Technology will continue to improve the management of diabetes: At least 5 patch / nanopumps have been announced and are expected over the next 2-3 years; DexCom apparently have solved the initial quality problems and Minimed are getting good reviews. The Abbott Navigator is supposed to hit the market in October in Germany and the Netherlands.
    At least 5 oral insulins have been announced and Generex is starting Phase III trials on its insulin spray. Phase III trials have also started on ultra-rapid insulins, and a bit further down the line are long term sensors, smart insulins (forget the artificial pancreas), as well as protected insulin cells, whether tranplanted or manufactured. I believe most of these things will be available within 5-7 years because the problems that need to be overcome are technological rather than medical ones and proofs of concept already exist. I would guess that a diabetes cure will be found within 15 years, simply because the understanding of the biological basis not only of this disease, but of the immune system in general is increasing exponentially. However by then maybe it won’t be so necessary…?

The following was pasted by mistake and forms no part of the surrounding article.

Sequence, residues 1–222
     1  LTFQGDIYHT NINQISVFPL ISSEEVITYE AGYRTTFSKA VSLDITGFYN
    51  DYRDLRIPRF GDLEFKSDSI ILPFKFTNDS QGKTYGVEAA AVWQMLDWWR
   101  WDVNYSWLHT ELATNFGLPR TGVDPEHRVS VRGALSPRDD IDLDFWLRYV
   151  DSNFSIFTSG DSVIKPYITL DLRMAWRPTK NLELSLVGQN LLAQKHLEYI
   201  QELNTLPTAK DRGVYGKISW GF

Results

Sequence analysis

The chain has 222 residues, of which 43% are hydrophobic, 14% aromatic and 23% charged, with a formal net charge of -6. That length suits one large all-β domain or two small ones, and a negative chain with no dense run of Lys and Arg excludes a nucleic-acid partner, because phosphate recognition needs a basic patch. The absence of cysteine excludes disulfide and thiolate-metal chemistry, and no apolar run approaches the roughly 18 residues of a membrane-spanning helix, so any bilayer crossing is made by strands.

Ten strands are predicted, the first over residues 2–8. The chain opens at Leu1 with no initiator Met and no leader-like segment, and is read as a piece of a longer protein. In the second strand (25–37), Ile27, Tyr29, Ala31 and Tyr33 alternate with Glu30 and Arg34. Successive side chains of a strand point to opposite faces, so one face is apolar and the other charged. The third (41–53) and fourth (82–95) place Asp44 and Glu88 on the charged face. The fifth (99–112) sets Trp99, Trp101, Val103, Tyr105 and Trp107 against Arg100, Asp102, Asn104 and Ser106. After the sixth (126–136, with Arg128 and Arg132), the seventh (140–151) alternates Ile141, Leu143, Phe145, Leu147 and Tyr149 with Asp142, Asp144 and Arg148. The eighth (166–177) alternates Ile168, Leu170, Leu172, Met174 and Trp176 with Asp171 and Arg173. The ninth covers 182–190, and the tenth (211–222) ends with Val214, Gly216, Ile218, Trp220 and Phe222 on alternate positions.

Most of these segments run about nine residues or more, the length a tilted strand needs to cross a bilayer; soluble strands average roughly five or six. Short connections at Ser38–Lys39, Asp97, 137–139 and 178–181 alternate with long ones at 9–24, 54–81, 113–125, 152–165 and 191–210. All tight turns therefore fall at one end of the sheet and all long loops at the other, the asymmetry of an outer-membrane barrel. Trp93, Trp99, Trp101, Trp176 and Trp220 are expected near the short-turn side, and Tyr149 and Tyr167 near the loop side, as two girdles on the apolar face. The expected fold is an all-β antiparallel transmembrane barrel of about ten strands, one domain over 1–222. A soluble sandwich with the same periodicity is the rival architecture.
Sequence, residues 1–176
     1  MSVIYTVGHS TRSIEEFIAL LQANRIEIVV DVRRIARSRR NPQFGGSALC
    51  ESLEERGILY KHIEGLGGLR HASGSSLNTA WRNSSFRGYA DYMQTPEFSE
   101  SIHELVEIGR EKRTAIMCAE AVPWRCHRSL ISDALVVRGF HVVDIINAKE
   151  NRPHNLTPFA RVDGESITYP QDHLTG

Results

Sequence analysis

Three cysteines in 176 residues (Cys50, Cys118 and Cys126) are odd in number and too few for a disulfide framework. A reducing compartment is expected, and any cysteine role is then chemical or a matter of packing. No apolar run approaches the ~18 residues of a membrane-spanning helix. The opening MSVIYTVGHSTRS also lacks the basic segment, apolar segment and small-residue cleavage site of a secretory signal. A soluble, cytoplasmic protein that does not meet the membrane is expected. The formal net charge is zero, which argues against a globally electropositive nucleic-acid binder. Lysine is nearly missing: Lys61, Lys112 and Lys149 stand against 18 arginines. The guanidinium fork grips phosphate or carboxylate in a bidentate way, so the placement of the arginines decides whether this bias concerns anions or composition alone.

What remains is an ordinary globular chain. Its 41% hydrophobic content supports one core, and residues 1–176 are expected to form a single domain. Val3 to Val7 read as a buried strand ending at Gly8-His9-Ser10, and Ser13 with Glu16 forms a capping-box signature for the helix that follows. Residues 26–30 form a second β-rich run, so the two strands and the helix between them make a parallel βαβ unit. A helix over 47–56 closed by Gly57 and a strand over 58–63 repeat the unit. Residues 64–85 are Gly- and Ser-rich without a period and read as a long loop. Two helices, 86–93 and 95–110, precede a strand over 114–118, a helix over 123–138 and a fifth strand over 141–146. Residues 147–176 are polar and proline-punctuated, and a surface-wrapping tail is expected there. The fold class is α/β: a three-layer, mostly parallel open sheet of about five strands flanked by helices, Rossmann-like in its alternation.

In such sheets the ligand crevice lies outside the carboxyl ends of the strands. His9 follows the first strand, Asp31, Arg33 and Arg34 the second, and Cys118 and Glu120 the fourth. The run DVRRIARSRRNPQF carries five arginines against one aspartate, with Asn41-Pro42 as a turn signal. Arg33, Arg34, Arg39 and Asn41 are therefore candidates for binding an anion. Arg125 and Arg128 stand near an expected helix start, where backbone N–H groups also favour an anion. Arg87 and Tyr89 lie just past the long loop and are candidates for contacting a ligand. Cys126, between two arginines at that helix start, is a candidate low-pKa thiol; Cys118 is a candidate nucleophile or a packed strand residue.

5. Michael Park
    Michael Park July 6, 2007 at 10:28 am | | Reply

    I was in Berlin/Paris for a few weeks earlier this summer and I was pleasantly surprised at how much 3++ hours of walking each day can lower insulin requirements.
    I’m still not a pumper, but I’ve found that my MDI control has gotten so much better over the last few years. I think that pumpers have been able to study the effects of insulin therapy on a much more minute level and those findings are still applicable to all insulin management.

  6. Dave
    Dave July 6, 2007 at 10:47 am | | Reply

    Amy,